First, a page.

Florida senator-elect Marco Rubio -- whose tea party passions forced Florida Gov. Charlie Crist out of the Republican Party and into an ill-fated independent candidacy -- underscored the limited mandate for the GOP in his victory statement. "We make a great mistake if we believe that these results tonight are somehow an embrace of the Republican Party," Rubio declared. "What they are is a second chance. A second chance for the Republicans to be what they said they were going to be not so long ago."

What is apparent from the GOP tsunami, though, is that Barack Obama blundered badly (at least, by short-term political standards) in embracing an ambitious legislative agenda beyond fighting the Great Recession. Former White House chief of staff Rahm Emanuel's pre-inaugural mantra, "You never want a serious crisis to go to waste," may be immortalized as a great moment in Democratic hubris. The president -- and, yes, Pelosi and Reid -- failed to adequately explain or to sell the Democratic economic agenda beyond disastrous PR moves like announcing "Recovery Summer" with the unemployment rate at nearly 10 percent.

The national exit polls underscore the degree to which Obama and Co. (aided by the recession) have pushed the electorate sharply to the right. At a time when the percentage of voters who call themselves liberal (about 20 percent) has remained constant, the number of self-identified conservatives among voters has risen from 32 percent (2006) to 34 percent (2008) to a whopping 41 percent (2010). In fact, conservatives outnumbered moderates (39 percent) among 2010 voters. Since such ideological markers normally move at a glacial pace, the dramatic increase in conservatives may be the most lasting legacy of the 2010 election.

Another troubling omen for the Democrats is their dwindling support among white voters, dropping from 47 percent in 2006 (when the GOP lost 31 House seats) to 45 percent in 2008 (when the Republicans lost another 21 seats) to a rock-bottom 38 percent this year. Take away the Democrats' continuing appeal to all voters under 30 (56 percent said they voted Democratic in this year's House elections) and these trends are even more tilted toward the Republicans. Turnout patterns, however, do give the Democrats hope for 2012, since voters younger than 30 represented 18 percent of the electorate (for House races) in the presidential year of 2008, but their proportion dropped to 11 percent this year.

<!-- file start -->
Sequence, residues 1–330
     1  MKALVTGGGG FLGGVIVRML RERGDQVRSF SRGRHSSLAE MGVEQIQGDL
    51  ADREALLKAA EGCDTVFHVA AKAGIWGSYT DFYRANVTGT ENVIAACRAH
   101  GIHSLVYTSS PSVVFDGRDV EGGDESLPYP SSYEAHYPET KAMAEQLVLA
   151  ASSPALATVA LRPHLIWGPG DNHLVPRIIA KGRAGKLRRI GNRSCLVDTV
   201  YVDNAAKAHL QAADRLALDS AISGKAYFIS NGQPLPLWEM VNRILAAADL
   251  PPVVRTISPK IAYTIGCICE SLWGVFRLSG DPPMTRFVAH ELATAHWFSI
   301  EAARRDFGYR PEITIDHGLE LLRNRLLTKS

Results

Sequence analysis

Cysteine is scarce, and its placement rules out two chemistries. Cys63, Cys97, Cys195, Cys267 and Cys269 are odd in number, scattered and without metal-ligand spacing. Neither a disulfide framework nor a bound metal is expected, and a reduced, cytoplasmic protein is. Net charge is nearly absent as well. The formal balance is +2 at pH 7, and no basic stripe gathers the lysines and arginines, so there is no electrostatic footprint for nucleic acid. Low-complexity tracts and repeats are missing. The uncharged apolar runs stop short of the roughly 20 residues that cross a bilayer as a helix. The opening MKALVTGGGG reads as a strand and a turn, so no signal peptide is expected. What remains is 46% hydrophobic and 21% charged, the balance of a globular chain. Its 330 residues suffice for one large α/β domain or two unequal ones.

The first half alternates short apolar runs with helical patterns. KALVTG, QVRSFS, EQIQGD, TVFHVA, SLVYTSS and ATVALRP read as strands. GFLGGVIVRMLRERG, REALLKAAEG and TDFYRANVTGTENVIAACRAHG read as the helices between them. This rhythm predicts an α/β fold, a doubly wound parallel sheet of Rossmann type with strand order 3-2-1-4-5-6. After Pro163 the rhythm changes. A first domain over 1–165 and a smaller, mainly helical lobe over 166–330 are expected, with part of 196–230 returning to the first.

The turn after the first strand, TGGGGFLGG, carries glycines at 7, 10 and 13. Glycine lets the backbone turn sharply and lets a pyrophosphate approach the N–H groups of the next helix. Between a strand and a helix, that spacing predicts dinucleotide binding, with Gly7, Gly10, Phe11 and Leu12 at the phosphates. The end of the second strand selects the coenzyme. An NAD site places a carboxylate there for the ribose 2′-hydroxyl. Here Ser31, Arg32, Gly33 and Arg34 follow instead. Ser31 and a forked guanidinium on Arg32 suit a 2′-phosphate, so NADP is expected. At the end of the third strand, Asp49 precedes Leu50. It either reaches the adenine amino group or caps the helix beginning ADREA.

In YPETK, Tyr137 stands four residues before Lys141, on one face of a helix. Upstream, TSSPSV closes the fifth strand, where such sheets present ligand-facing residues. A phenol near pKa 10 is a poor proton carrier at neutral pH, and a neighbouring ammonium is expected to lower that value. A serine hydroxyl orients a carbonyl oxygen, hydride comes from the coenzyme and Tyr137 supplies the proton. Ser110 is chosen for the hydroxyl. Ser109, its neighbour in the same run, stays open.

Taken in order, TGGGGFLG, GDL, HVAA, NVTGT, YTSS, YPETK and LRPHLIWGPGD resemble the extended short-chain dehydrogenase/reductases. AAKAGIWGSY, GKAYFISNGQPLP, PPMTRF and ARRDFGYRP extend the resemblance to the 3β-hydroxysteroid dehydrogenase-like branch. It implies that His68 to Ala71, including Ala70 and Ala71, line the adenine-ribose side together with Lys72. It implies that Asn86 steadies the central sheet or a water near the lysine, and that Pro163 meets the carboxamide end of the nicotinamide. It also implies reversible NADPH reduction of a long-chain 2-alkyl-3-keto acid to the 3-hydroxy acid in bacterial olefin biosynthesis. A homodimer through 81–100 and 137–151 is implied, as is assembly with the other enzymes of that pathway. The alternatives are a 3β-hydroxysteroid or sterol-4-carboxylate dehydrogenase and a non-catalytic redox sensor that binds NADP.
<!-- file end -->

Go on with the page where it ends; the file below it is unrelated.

Once most off-year elections were the equivalent of a World War I battle, with little terrain gained or lost. The Democrats, after all, controlled the House for four decades before the 1994 Gingrich Revolution. But now, partly because congressional politics has become a $4 billion industry, every election cycle has become nationalized. As a result, either there are historic tidal waves (1994, 2006 and now 2010) or else incumbent presidents defy tradition by holding their own in off-year elections (1998 and 2002).

Every president, beginning with Ronald Reagan, has had to deal with divided government at some point during his time in the White House. It is equally telling that Jimmy Carter, who was blessed (or afflicted) with Democratic congressional majorities for four years, lost for reelection in 1980. The gamesmanship in Congress over the next two years may do little to restore the electorate's faith in its elected leaders. But politics has become so volatile that it is an apt time to rewrite Mark Twain's adage about the weather and make it: "If you don't like Congress, just wait two years."

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I agree. What is happening in the global economy means a lowering of standards for the U.S. We need manufacturing here in our country now. Build infrastructure. Bridges are collapsing and we sit by and watch as multi-national corporations milk our wealth out of our country. That is a big problem. Unlimited political contributions from corporations owned by the Chinese government scares me. We sit by and do nothing, then complain. That Supreme Court decision was the second worst decision they ever made. The worst one they made was an illegal, corrupt decision in the first place.

November 10 2010 at 10:53 AM Report abuse rate up rate down Reply
Dan Nigro

Democrats and republican loyalties aside; Congress should rethink NAFTA. This bill has cost the USA more in jobs lost, industries lost and ultimstely taxes and revenues lost. As Americans we've forgotten that there's nothing wrong with working for a living. Allowing some of our largest companies to bring their manufacturing and distribution centers out of the country has damaged this economy as much as the sub prime loans. The solution is simple repeal NAFTA and demand that the banks put the stimulus money to work for what it was intended. Any company manufacturing parts outside of the USA should pay very large tariffs for the parts made overseas and installed in American products and let the chips fall where they may. If Ford and GM didn't manufacture parts in Mexico or China would their drug cartels be more brutal?